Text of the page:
US Lawmakers Begin Work on Budget
"US Lawmakers Begin Work on Long-term Budget Compromises" - Related video report by Cindy Saine
U.S. lawmakers are moving on from the crisis of the government shutdown to talks aimed at resolving deep budget differences between Democrats and Republicans.
A congressional panel has convened to address issues such as the size of the government and the level of federal taxation. The talks were mandated by the last-minute compromise bill that ended the federal shutdown this week.
The panel, which began its work on Thursday, is scheduled to produce some kind of compromise budget plan by December 13.
Also on Thursday, U.S. President Barack Obama stated that he felt there were "no winners" in the bill approved by Congress to fund the government and avoid a potential debt default.
Speaking at the White House, Obama said the impasse that sparked a 16-day partial government shutdown "inflicted completely unnecessary damage" on the U.S. economy.
He said the American people are "completely fed up with Washington," and that it is time to earn back their trust.
"Let us be clear, there are no winners here. The last few weeks have inflicted completely unnecessary damage on our economy. We don't know yet the full scope of the damage, but every analyst out there believed it slowed our growth. We know that families have gone without paychecks or services they depend on. We know that potential home buyers have gotten fewer mortgages and small business loans have been put on hold. We know that consumers have cut back on spending and that half of all CEOs say that the shutdown and the threat of shutdown set back their plans to hire over the next six months," said Obama.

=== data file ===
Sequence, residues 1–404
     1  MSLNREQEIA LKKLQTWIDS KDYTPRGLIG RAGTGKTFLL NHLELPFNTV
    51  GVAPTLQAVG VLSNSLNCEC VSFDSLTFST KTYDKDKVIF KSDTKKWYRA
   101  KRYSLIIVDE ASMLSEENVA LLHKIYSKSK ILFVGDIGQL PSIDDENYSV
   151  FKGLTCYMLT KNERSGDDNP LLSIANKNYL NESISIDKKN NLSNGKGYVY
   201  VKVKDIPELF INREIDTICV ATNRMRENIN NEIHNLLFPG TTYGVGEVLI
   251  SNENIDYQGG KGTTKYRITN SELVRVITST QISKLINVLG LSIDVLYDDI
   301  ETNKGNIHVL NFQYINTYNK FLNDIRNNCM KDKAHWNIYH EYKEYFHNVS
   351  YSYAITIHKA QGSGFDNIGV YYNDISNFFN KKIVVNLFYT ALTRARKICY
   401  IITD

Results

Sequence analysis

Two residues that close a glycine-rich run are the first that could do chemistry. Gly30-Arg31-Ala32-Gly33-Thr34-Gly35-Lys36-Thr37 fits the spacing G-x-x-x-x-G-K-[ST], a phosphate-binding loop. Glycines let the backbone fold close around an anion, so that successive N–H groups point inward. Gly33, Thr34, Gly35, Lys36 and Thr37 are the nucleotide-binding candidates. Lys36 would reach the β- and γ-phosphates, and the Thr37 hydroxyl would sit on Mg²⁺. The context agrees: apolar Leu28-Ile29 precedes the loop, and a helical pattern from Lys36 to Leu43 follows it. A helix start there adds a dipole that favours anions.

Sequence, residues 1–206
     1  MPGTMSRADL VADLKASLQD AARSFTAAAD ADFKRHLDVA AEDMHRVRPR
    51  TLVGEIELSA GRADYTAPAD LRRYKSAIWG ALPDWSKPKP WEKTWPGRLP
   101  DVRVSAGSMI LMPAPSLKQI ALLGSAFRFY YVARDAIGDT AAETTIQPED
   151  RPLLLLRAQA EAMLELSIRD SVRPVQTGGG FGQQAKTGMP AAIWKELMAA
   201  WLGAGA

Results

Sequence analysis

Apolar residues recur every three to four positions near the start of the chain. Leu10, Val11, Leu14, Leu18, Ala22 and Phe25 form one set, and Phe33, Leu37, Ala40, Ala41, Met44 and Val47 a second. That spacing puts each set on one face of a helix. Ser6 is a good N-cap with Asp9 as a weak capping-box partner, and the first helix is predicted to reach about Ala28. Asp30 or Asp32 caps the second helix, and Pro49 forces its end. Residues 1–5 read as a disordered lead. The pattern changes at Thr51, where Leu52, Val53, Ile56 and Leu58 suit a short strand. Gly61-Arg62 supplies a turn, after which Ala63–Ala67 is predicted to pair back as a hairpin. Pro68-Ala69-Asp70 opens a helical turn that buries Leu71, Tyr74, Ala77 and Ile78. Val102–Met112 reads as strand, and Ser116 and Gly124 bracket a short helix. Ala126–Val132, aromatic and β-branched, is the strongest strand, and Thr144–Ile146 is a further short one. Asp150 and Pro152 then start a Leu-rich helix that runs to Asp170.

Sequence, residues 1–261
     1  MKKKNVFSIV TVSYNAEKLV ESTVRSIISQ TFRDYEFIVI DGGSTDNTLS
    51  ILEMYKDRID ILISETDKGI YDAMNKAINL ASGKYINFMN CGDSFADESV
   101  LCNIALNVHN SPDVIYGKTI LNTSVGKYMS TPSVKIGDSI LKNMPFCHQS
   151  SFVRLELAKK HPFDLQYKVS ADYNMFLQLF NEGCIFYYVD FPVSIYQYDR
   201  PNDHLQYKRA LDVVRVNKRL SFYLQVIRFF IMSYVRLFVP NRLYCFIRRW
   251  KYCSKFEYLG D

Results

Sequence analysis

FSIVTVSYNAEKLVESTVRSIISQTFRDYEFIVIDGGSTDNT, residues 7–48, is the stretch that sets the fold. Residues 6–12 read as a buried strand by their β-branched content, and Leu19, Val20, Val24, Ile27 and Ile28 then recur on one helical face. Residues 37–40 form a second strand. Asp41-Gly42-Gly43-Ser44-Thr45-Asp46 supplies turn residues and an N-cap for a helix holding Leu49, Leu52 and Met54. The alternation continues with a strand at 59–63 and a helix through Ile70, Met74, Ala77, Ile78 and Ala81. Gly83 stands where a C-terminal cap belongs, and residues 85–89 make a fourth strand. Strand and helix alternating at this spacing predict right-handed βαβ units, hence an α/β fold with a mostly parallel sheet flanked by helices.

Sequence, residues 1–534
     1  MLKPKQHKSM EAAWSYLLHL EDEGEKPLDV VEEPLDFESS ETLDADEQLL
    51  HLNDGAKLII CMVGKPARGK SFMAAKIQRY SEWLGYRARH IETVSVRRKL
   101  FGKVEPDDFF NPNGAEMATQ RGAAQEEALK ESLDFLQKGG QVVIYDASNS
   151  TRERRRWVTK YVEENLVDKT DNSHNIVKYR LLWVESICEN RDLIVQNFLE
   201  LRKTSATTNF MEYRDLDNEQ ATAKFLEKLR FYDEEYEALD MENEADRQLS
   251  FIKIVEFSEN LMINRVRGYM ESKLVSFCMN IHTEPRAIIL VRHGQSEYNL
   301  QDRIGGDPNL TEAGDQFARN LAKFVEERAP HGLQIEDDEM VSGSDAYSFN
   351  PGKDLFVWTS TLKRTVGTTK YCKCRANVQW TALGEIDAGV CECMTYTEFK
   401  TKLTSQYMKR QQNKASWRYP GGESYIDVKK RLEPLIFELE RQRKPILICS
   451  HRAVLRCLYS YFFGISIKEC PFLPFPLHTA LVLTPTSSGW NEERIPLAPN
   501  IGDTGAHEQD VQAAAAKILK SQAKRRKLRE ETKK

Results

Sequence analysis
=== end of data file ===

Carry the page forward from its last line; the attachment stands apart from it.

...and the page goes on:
Back to work
Thousands of U.S. federal employees returned to work after Congress approved a compromise bill late Wednesday to fund the government, which Obama immediately signed into law.
The bill keeps the government running until at least January 15 and raises the borrowing limit to put off the risk of default until February 7.
Senate Majority Leader Harry Reid, a Democrat, and his Republican colleague, Senate Minority Leader Mitch McConnell, crafted the bill a day before the government's borrowing authority expired.
If the debt ceiling was not raised, the United States would lose the authority to borrow money to keep paying its bills.
Standard & Poor's estimated the shutdown has taken $24 billion out of the economy while the Fitch credit rating agency warned it is reviewing its AAA rating on U.S. government debt for a possible downgrade.
The government shut down on October 1 when the Senate rejected House demands to defund or delay President Obama's health care law as part of a spending bill. The president said he would not negotiate changes in the law until the government reopened.
House Speaker John Boehner said House Republicans fought with everything they had to force negotiations on the law, nicknamed "Obamacare." Boehner said his party will continue to push for legislative oversight and highlight perceived flaws in the plan.